The policies are designed to ensure the children of non-status migrants go to school and that they and their families have access to healthcare and police protection. Contrary to the policy, however, the report notes that police officers do ask about immigration status and have “engaged in unsolicited sharing of personal information with the Canadian Border Services Agency (CBSA) and arrested and transferred non-status persons to the CBSA.”

Melita Kuburas, RSJ graduate, and Ryerson associate professor Graham Hudson deliver a workshop on immigration during the RSJ’s teach-in. (Jasmine Bala)

RSJ graduate Melita Kuburas, who was also part of the immigration workshop, said she and her family came to Toronto as refugees in 1993 and that a Toronto Star article about her family’s arrival influenced her career choice.

Kuburas, who is now the associate managing editor of Metro News’ entertainment and lifestyle section, said her parents kept a clipping of the story and photo in a drawer. “I always looked at the [photo] and I think – I’m sure – that symbolically, that made me want to go into journalism,” she said.

Kuburas and her family were Bosnian Muslims caught up in the civil war and conflict after the breakup of socialist Yugoslavia.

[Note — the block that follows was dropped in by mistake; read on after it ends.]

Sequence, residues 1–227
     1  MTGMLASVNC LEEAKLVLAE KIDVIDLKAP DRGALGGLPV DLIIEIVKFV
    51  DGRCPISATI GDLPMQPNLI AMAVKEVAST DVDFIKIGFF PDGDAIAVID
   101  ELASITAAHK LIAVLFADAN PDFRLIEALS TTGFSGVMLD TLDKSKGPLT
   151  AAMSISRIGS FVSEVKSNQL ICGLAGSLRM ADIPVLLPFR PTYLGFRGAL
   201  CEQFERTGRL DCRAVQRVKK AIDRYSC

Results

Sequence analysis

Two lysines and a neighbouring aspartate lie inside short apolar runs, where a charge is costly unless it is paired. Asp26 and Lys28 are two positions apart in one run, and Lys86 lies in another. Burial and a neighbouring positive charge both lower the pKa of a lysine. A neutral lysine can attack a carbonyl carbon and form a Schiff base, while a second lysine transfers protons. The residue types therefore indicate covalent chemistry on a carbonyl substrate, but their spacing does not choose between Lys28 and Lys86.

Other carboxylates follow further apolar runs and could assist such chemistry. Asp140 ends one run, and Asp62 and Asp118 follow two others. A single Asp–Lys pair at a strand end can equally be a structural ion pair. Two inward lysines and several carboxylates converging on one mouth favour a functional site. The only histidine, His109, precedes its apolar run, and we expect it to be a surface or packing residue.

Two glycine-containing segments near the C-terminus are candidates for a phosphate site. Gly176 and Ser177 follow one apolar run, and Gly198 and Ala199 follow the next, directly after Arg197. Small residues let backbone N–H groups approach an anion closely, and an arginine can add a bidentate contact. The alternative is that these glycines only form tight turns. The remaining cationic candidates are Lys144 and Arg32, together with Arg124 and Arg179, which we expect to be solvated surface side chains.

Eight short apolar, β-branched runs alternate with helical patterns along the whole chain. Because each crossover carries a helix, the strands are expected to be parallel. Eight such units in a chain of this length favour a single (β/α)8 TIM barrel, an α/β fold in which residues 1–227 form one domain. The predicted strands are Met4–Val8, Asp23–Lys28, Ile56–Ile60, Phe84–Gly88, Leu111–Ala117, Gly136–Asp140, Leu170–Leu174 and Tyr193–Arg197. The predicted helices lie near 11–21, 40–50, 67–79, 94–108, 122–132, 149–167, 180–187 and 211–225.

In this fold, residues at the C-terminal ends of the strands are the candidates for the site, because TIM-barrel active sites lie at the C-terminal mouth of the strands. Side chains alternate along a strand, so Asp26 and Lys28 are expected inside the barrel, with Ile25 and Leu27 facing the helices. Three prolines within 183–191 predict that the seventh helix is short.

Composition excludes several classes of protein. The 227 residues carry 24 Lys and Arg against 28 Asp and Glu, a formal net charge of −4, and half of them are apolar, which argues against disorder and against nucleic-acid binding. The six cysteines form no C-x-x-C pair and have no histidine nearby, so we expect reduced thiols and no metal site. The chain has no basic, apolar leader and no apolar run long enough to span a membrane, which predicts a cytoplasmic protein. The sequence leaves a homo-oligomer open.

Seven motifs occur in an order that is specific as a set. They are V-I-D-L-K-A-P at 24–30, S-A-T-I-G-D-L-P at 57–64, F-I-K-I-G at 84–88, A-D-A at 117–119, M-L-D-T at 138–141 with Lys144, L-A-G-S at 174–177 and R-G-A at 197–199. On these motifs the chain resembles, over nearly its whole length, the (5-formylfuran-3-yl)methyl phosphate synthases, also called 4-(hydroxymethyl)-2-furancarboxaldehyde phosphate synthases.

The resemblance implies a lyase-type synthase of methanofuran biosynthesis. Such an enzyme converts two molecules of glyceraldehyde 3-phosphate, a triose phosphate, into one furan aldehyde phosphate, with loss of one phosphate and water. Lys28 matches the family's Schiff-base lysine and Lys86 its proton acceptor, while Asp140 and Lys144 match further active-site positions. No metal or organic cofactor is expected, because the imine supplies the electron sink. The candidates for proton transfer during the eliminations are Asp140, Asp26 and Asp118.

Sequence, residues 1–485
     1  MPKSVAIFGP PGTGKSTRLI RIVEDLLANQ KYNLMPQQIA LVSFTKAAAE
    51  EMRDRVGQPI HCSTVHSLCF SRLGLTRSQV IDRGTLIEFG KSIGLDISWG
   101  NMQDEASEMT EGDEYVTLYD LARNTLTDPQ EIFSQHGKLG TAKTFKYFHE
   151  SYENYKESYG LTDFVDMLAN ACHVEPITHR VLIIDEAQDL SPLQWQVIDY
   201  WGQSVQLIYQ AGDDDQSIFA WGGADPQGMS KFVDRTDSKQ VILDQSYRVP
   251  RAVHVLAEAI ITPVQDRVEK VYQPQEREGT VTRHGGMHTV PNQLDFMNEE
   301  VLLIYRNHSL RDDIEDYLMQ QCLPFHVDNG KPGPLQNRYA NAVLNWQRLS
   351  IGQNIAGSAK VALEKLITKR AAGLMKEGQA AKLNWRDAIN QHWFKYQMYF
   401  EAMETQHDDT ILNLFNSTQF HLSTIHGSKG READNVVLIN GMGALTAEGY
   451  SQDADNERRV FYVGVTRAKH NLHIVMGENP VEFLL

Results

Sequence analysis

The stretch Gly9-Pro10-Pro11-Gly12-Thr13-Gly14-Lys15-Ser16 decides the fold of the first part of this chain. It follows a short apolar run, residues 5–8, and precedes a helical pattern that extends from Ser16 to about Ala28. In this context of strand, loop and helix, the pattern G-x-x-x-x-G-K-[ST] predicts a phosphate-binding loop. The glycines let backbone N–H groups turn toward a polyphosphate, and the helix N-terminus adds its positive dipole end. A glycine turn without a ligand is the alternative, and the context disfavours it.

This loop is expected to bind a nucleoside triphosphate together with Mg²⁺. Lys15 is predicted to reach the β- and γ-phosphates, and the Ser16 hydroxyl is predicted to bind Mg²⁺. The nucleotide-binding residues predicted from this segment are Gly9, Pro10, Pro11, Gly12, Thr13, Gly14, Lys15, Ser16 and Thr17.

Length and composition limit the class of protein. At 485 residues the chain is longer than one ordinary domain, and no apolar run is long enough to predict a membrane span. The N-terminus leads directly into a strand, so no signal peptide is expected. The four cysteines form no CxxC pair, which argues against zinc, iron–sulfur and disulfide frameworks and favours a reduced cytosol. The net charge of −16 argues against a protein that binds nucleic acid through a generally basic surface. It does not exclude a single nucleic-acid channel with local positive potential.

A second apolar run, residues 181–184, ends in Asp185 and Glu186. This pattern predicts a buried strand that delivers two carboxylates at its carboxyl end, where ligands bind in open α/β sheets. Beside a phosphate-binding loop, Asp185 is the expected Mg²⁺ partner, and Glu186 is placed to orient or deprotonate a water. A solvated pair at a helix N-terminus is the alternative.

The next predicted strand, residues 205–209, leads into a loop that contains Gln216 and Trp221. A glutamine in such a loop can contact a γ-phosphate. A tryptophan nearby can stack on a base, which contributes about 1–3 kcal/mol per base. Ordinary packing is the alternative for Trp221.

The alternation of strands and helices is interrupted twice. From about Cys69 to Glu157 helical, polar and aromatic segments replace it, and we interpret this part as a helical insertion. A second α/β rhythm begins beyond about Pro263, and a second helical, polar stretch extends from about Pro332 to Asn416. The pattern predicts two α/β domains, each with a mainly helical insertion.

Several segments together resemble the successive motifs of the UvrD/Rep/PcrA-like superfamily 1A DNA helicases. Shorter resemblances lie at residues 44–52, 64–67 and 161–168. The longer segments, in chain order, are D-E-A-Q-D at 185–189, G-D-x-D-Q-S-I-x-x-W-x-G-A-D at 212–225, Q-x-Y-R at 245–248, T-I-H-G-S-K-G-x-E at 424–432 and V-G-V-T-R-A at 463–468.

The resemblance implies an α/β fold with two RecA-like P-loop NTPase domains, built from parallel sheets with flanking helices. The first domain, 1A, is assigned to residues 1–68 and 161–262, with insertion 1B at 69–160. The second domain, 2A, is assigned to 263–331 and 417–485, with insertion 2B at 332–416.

“One day, we just saw tanks coming through our little town and Serb military soldiers knocked on everyone’s doors,” she told the rapt audience. The soldiers ordered teenage boys and all grown men, including her father, to go with them, Kuburas said, but one of her youngest uncles – who was only 18 at the time – fled and hid.

“When Serbs found out that he was hiding, they came to collect him and he was killed,” she said. “We have never found his body.”

The body of her grandfather, she said, was found in a mass grave along with 200 or 300 others.

Her father was shipped to a concentration camp, where he was “starved, beaten, kept from his family for nothing more than being Muslim,” Kuburas wrote in an article about her own refugee experience following the announcement in 2015 of Canada’s plan to take in 25,000 Syrian refugees.

Kuburas said the family was reunited with her father in December 1992 with help from the Red Cross, and a year later they came to Canada as government-sponsored refugees.

“Welcoming refugees is very generous of Canada, and of Canadians,” Kuburas wrote in her article, “but I can assure you: refugees are not freeloading.”

Watch one of the RSJ’s teach-in sessions, “Surveillance: Borders and Beyond,” below:

By ALLISON RIDGWAY and ANIA BESSONOV
Staff Reporters